/’skAn/ : a loosely coiled length of yarn or thread wound on a reel

The Juggler #2

More work on The Juggler, this time even less complete than the last entry. But, hopefully there'll be more here soon.

Like the prof had promised, we put on a lot of shows over the next few weeks. It was like we were a little circus, performing at lunches and dinners for old big wigs and sharp young guys, all with a lot of money to burn.

The old guys were the best, and the easiest to sell. Each and every one of them believed that he was the proverbial aged canine. One of them even came right out with it - "You can't teach an old dog new tricks," he'd said between bites of steak. It was uncanny. But, it just took fifteen minutes to stream a little bit of me into their skulls and five minutes of flawless borrowed talent experienced firsthand. They all signed on the dotted line and handed over their checkbooks.

The younger guys were more of a challenge, though. I don't know what it was, but a lot of them seemed just too cynical to wow straight off the bat. A few of them saw right through the patter to the flaws in what we were selling.

We couldn't hide that there were still bugs in the system: The playback didn't always take. And sometimes, when it did take, it didn't last long at all. In a few other cases, there were some side effects. Nothing too horrible, though: The prof himself had picked up a few bad habits from my own recordings. He was smoking two packs a day for awhile there; he just started doing it one day while he was refreshing his juggling skills. He also kept stealing Jody's coffee mug when he gave origami demos. She hated that.

But, the prof had a beefier spiel for the smart guys. He stepped up the million-dollar words, swamped them with journals and bibliographies, showed off presentations worked up by a few of his grad student converts with mission statements and goals and schedules. He was already a few steps ahead to take on objections and had a plan for every wrinkle in the product. He had spreadsheets and budgets and financial projections.

And, it didn't hurt that we'd picked up recordings from a champion golfer a few weeks after we started. Those playbacks were great freebies to give out along with branded balls and tees.

Through all of it, though, I was there. I made the cold calls, shook the hands, kicked off all the meetings. I sold the story. I was the barker calling them into the tent, the ringleader directing the circus. The professor was just too dry, and he knew it - his hard facts and clarity helped seal and cement the deals, but I drove the drama.

I'd never done any job like this before, but I really got into it. I'm an entertainer, after all, and I worked the marks. I got to know just enough about our patron candidates to get a sense for their little insecurities, their little foibles and tiny fantasies. We had a few shows that we totally botched, but for the most part I managed to get their eyes lit up by the end - and usually just enough to keep them awake through the professor's time on stage.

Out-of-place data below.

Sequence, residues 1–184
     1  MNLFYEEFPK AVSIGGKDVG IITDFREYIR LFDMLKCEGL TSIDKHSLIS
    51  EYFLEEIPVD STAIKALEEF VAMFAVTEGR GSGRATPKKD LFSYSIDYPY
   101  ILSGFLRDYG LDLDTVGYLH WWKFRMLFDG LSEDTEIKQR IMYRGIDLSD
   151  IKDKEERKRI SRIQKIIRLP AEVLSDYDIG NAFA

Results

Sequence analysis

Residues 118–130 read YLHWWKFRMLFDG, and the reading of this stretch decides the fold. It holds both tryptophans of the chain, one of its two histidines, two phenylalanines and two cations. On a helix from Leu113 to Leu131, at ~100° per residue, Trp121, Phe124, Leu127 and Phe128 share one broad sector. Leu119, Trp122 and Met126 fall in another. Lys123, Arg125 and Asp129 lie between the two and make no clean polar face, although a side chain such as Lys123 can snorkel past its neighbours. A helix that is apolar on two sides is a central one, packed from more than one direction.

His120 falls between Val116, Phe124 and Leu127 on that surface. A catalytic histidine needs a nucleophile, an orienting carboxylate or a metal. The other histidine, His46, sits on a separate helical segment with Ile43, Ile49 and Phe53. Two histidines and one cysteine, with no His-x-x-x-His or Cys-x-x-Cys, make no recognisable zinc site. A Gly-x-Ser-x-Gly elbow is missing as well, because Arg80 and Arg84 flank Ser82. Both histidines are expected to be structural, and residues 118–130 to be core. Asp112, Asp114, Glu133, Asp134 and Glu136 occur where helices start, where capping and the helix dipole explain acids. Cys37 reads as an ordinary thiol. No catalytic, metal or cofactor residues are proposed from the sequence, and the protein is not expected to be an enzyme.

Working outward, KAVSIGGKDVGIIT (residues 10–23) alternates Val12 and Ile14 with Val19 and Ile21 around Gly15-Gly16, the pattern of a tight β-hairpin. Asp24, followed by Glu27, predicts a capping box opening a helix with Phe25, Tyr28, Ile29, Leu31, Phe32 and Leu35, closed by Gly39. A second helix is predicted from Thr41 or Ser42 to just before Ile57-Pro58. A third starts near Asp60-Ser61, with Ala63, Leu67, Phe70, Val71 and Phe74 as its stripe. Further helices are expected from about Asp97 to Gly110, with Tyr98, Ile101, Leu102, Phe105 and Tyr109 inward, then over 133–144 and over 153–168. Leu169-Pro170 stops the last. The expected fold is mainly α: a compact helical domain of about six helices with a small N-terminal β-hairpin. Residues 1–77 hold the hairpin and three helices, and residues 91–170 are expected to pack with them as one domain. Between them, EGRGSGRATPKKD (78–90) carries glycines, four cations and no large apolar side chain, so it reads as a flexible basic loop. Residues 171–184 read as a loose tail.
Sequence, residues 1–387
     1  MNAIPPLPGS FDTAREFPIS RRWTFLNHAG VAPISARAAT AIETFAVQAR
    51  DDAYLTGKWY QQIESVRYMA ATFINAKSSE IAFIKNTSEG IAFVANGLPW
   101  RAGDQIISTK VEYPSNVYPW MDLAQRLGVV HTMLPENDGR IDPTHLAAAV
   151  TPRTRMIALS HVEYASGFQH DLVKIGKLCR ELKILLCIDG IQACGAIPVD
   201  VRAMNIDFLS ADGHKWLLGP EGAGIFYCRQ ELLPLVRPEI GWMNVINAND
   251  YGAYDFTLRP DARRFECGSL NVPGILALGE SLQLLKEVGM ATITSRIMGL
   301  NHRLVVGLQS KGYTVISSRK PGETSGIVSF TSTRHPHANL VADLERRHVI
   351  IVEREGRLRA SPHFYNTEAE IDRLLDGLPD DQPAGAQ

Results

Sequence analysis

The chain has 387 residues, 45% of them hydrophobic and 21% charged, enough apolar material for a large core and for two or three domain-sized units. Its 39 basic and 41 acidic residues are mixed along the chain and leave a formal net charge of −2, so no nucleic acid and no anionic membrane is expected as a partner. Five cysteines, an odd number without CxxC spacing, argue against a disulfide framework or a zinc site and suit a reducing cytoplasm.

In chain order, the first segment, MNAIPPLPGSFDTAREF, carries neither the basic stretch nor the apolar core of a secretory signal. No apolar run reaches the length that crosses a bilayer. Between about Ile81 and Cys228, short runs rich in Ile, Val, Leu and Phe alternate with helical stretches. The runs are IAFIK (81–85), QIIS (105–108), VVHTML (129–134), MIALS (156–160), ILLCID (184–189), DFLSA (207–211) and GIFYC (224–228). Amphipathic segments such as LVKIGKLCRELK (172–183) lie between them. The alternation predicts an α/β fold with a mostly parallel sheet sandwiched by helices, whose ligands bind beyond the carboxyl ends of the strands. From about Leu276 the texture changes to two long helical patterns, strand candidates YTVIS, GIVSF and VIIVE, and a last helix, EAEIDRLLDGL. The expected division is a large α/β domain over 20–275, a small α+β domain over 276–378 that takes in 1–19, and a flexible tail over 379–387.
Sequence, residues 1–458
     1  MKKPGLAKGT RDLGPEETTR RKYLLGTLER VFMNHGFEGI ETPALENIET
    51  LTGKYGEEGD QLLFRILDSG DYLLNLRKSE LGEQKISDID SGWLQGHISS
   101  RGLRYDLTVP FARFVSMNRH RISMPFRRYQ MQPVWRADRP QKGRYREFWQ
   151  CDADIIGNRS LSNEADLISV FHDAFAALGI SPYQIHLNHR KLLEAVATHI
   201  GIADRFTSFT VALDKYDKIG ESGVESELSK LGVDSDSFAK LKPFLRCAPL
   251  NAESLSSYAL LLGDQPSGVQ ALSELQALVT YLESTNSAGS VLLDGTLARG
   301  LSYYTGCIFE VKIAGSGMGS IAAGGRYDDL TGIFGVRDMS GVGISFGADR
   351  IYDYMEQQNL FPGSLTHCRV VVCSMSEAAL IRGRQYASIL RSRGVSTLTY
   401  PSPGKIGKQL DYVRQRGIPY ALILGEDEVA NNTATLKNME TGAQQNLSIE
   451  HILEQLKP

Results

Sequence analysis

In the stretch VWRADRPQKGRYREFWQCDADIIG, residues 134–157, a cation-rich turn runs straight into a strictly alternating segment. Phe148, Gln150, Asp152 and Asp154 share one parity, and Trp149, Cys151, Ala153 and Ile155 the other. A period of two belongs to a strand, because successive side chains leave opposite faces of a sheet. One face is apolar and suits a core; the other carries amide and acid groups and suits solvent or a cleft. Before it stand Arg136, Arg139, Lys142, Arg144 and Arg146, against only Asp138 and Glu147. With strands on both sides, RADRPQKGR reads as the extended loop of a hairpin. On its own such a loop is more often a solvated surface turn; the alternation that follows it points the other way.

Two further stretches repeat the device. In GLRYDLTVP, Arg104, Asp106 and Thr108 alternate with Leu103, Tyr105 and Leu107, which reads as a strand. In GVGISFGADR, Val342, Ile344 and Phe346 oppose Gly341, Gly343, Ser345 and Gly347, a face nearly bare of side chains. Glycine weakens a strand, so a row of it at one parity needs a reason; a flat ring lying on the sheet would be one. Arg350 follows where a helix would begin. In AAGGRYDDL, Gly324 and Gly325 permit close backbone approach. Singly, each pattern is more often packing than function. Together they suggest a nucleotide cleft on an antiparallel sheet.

I guess it felt like I'd found my calling. I'd always been laid back about absolutely everything, but this stuff got under my skin. I stayed up late, got up early, smoked 3 packs a day, and drank 2 pots of coffee before noon.

Before long, we had promises of money coming in, followed soon by some pretty sizable chunks of actual money. After a couple of months spent running the road show, we were ready to open up shop and start working on building something for real.

We picked up stakes at the lab and leased a little loft just off campus, overlooking the main drag. Michael, the basketball wizard, gets credit for that - he took over the facilities work and knew a guy who got us a sweet deal. Meanwhile Jody, the origami girl, turned out to be a genius with computers and got us all set up with workstations, networking, and phones. The kung fu guy, though - he flaked on us once it started looking like work. But, I thought he was an asshole anyway, so good riddance.

Things just kept moving faster as word got out about what we had. It got to the point that I stopped needing to chase people down, and started needing to fend people off. We also started pulling in whackos of all sizes and shapes. Luckily the prof had gotten patents filed years before on a lot of our key technologies, which helped the lawyers and I bounce the sue-happy bozos trying to claim we'd stolen their ideas. And beyond the legal sharks circling, there was a constant background noise of religious nuts, random paranoids, and job seekers.

To this day, I'm not entirely sure how I did it, but I developed a knack for flipping every potential train wreck into positive PR spin. I made sure we never took ourselves seriously in public, kept things fun. The doc made sure our results spoke for themselves - and when things occasionally went buggy, it was a whole lot easier to deal when we'd set a precedent for laughing at ourselves.

In fact, I even managed to launch a branding campaign for us that went totally gonzo with the carnival and circus theme.


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